The principal mechanism responsible for the movement of small solutes between the blood and interstitium is simple diffusion down chemical activity gradients. Dissolved gases and small lipophilic molecules can rapidly diffuse across the entire endothelial cell membrane, with the rates of exchange within a tissue governed primarily by their respective concentration gradients and the number of capillaries that are perfused and thus open for exchange. Although small hydrophilic solutes like glucose and amino acids largely cross the capillary wall through a more restricted area of the capillary wall, that is, the interendothelial clefts, their rates of diffusion are extremely rapid, reaching an equilibrium across the capillary wall within a fraction of a second. Another mechanism that contributes to transcapillary solute exchange is convection or bulk flow. This process represents the transfer of dissolved solutes across a membrane via the movement of its solvent, for example, filtered plasma. As the fluid filtration rate across the capillaries increases, so does the convective transfer of solutes dissolved in plasma. The diffusional exchange of small solutes across the capillaries is much faster than that which can be achieved by convection; however, the latter process contributes significantly to the movement of plasma proteins from blood to interstitium. In some tissues (e.g., intestine) convection accounts for almost half of the plasma protein extravasation observed under normal conditions and essentially all of the protein exchange that occurs in conditions associated with a very high capillary fluid filtration rate.

The rate of efflux of plasma proteins from the capillaries can also be profoundly influenced by the electrostatic charges of the protein and the interendo-thelial cleft. Albumin is a negatively charged plasma protein that appears to permeate capillaries at a rate that is 1/100 the rate observed for hemoglobin, a protein of nearly identical molecular size to albumin but which is almost electrostatically neutral. Physiologic studies in organs such as the kidney and lung have revealed that the capillaries in these tissues behave like a negatively charged filter, that is, they retard the transport of negatively charged plasma proteins while enhancing the exchange of positively charged proteins. Hence, it is generally assumed that the fixed negative charges associated with mucopolysaccharides found on the endothelial cell surface and in interendothelial clefts normally serve to minimize the loss of proteins from the blood. Pathologic conditions that result in the loss of these negative surface charges on capillaries, such as glomerular capillaries in patients with nephrotic syndrome, are characterized by excessive protein loss and interstitial edema.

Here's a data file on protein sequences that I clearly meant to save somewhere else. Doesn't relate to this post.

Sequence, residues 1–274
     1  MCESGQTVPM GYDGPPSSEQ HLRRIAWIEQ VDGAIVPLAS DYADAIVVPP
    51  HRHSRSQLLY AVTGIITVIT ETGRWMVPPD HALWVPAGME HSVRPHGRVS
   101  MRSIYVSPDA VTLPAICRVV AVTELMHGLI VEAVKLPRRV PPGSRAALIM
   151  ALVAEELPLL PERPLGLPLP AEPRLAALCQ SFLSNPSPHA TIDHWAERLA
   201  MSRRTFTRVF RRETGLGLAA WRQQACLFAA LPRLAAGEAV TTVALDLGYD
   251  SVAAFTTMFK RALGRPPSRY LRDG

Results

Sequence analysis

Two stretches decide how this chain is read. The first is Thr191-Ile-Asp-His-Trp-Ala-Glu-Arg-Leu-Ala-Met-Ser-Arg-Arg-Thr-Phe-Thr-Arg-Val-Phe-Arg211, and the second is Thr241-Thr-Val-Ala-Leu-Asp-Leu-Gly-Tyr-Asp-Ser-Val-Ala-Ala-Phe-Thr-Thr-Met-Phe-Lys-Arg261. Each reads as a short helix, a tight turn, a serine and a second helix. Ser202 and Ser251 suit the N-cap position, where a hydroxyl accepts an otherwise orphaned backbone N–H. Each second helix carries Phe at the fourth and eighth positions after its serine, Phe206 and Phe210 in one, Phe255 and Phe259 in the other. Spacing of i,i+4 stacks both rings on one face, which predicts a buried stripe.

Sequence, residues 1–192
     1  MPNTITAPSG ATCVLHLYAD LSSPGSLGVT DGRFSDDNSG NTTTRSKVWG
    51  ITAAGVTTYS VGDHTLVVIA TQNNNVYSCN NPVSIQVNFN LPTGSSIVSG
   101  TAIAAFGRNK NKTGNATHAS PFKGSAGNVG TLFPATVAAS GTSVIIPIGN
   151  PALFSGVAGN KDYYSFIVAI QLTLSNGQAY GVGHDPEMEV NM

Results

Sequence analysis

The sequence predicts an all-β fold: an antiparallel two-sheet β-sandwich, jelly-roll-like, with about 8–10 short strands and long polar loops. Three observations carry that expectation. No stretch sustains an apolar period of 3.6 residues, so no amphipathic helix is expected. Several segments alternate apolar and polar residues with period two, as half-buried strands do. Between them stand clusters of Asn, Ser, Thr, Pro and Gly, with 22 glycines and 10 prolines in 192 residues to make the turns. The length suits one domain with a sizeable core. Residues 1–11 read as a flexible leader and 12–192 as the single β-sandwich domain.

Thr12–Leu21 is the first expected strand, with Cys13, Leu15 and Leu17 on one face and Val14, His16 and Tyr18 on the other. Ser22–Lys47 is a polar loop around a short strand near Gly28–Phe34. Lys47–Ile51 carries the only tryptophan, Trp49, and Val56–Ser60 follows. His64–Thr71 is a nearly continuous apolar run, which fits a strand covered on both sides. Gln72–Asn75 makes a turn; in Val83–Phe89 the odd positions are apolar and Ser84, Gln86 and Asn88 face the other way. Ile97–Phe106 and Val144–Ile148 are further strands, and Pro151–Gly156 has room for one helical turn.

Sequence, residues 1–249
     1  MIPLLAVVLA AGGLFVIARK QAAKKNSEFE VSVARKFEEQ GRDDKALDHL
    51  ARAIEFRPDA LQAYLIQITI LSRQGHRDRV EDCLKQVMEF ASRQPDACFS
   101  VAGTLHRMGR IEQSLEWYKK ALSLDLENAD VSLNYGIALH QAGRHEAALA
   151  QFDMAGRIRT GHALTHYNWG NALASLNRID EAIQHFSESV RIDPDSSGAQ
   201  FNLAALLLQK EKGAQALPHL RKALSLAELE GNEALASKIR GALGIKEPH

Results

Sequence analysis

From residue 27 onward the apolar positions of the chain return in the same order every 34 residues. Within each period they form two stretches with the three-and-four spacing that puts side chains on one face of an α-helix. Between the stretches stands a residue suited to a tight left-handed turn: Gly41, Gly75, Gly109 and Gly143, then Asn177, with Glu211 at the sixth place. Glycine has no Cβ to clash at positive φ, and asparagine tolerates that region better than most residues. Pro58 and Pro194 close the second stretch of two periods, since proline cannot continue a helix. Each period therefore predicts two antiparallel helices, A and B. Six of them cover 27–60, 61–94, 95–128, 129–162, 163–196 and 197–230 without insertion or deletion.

The exchange of solutes across capillaries is a very dynamic process, with large fluctuations often occurring in association with accelerated organ function (e.g., in skeletal muscle during exercise and in intestine after ingestion of a meal) and with organ dysfunction (e.g., liver cirrhosis). Two structural elements of the microcirculation represent major centers of control over the magnitude of solute exchange in a vascular bed: the precapillary sphincter and the endothelial cell junctions. By virtue of its ability to determine the number of perfused capillaries (and the surface area available for exchange) at any given moment, the precapillary sphincter can govern the overall flux of solutes from blood into the interstitium, and vice versa, within an organ. Contraction of the sphincters will reduce the surface area for exchange and thereby limit overall solute (and water) transfer, whereas dilation of the sphincter will increase the number of perfused capillaries and enhance overall solute transfer. The contractile state of the endothelial cell can also exert a profound influence on the rate of solute (and water) exchange across a vascular bed. Endothelial cells possess the capacity to contract through a process that involves rearrangement of cytoskeletal elements such as F-actin and myosin. When endothelial cells do contract in response to a physiologic stimulus, this results in an opening of the cleft between adjacent cells, with a consequent increase in capillary permeability. Bradyki-nin and histamine are examples of endogenous inflammatory agents that can interact with their receptors on endothelial cells and subsequently cause cell contraction and an increased transfer of solutes across the micro-vasculature. These agents and many others appear to exert their permeability-increasing effects predominantly on the venous side of the capillary and on small venules, suggesting that the density of their receptors is greater on endothelial cells in this segment of the microcirculation.